Five years ago, drone videos were few and far between, so when Tim Brass saw one from Norway scouting a moose, he wanted to get ahead.
“People saw it and they saw the potential for drones being used for hunting and scouting, and so we jumped on it right away,” said Brass, the state policy director for Backcountry Hunters and Anglers.
For Brass, jumping meant campaigning for laws against hunting with drones. As a hunter, he saw how drones could violate the fair chase ethics.
"We wanted to draw a line in the sand before these technologies became widespread,” he said, adding that it was Colorado hunters who came to their organization wanting this ban.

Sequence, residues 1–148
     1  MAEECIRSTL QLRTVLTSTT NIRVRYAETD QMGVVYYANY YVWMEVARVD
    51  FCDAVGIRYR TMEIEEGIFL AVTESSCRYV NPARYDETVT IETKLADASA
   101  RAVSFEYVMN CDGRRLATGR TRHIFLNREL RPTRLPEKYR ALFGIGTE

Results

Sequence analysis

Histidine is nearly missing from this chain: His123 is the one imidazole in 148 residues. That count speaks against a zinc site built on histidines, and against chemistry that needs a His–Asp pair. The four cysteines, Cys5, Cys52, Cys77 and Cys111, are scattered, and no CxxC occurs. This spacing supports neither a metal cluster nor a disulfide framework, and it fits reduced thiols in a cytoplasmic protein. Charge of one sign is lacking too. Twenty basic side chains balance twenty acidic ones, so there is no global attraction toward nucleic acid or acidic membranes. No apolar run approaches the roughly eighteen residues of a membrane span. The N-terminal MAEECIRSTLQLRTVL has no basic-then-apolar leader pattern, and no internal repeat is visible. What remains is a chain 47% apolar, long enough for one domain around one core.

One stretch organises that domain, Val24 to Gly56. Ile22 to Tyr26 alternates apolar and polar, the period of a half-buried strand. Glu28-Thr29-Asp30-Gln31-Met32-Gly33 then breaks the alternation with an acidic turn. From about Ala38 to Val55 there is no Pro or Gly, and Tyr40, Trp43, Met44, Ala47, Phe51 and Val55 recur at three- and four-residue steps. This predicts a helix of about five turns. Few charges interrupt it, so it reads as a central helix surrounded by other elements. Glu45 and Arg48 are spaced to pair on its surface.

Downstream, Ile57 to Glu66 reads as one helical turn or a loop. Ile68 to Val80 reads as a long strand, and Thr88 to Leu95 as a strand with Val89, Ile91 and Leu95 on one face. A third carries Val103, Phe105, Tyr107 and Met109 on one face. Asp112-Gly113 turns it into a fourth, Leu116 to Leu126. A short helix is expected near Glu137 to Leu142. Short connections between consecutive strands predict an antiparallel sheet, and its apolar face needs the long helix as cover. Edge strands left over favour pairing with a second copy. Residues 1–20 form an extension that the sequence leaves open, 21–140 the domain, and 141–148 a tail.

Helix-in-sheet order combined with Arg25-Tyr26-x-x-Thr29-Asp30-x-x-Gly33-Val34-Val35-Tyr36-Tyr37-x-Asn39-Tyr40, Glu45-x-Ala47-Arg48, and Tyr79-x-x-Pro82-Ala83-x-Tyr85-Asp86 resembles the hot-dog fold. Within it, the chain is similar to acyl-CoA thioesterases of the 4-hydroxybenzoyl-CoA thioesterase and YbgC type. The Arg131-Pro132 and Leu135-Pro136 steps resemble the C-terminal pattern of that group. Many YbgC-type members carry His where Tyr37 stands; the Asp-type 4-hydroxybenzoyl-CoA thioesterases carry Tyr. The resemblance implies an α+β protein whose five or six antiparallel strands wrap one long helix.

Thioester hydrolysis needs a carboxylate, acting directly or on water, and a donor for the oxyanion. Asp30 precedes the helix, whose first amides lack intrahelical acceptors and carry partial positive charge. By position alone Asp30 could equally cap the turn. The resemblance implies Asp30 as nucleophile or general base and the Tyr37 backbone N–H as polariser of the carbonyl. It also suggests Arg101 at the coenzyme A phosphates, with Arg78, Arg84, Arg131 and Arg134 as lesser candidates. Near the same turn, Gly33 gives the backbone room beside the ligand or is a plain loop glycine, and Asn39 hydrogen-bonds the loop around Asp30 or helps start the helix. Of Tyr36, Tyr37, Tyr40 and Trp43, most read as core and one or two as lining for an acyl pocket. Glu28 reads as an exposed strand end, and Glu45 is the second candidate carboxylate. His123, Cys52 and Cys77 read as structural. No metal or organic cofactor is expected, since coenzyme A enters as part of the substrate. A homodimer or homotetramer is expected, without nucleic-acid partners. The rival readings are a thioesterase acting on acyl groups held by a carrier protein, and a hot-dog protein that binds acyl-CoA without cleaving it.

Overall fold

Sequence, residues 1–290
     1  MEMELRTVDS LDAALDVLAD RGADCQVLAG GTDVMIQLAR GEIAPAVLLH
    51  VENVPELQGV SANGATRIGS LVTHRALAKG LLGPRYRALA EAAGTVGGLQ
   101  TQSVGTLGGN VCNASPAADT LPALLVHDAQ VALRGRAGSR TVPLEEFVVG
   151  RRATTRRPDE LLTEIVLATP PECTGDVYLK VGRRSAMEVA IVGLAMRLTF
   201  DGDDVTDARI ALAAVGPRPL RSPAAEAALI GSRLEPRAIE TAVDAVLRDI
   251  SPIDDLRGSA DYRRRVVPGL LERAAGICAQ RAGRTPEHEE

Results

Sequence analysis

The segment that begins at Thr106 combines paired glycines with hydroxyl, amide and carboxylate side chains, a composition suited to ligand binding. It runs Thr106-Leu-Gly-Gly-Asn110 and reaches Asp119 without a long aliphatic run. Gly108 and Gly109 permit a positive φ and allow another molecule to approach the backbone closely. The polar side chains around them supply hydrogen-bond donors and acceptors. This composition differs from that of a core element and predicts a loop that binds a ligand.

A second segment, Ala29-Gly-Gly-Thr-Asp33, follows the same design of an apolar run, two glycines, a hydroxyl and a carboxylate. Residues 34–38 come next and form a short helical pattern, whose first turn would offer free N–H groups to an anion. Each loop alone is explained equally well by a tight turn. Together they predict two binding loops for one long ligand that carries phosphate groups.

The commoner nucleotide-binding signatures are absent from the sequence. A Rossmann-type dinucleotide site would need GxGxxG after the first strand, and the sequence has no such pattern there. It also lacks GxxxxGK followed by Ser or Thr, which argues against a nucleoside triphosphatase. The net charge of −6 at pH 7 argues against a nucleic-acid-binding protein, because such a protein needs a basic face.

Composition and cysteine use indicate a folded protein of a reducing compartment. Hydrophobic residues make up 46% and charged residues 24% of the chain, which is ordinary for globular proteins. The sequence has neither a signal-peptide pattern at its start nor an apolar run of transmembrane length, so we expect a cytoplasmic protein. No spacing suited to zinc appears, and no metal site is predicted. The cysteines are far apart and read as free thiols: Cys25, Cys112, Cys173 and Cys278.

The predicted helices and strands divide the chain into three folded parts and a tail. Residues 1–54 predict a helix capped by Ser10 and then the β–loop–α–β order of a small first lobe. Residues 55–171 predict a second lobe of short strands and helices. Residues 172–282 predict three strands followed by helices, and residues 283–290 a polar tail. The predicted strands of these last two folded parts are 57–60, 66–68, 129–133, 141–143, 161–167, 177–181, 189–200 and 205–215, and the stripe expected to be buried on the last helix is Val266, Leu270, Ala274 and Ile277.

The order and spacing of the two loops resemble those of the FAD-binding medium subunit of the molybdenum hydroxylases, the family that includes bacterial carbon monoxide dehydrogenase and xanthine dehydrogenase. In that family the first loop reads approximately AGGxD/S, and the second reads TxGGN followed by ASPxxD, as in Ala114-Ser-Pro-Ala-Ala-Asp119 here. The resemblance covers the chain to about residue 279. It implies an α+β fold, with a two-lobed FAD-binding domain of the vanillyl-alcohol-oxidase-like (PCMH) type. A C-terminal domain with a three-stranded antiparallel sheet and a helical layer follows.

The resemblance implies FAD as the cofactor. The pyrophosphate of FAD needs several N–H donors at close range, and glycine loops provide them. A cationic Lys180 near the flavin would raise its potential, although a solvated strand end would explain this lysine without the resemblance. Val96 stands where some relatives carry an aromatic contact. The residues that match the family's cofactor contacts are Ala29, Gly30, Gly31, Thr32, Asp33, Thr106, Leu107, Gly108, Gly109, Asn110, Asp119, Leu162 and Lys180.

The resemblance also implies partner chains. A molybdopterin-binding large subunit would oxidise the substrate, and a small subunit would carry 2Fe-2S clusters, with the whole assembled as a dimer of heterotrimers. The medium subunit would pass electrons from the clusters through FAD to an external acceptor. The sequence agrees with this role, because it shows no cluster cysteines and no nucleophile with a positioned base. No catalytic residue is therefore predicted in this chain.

"It's cheating to your fellow hunter,” he said.
When BHA helped pass state regulations against hunters using drones, they weren’t mainstream, but today is a different story.
“Colorado Parks and Wildlife Law Enforcement officers are seeing more and more examples of hunters bringing their drones along on their hunts,” said Travis Duncan, a public information officer for Colorado Parks and Wildlife.
If someone is caught using a drone while hunting, they could face a $70 to $125,000 fine, but even non-hunters aren’t allowed to take off or land a drone in Colorado Wildlife areas, and it’s very restricted in state parks.
So far, 17 states have passed similar hunting drone bans like the one in Colorado.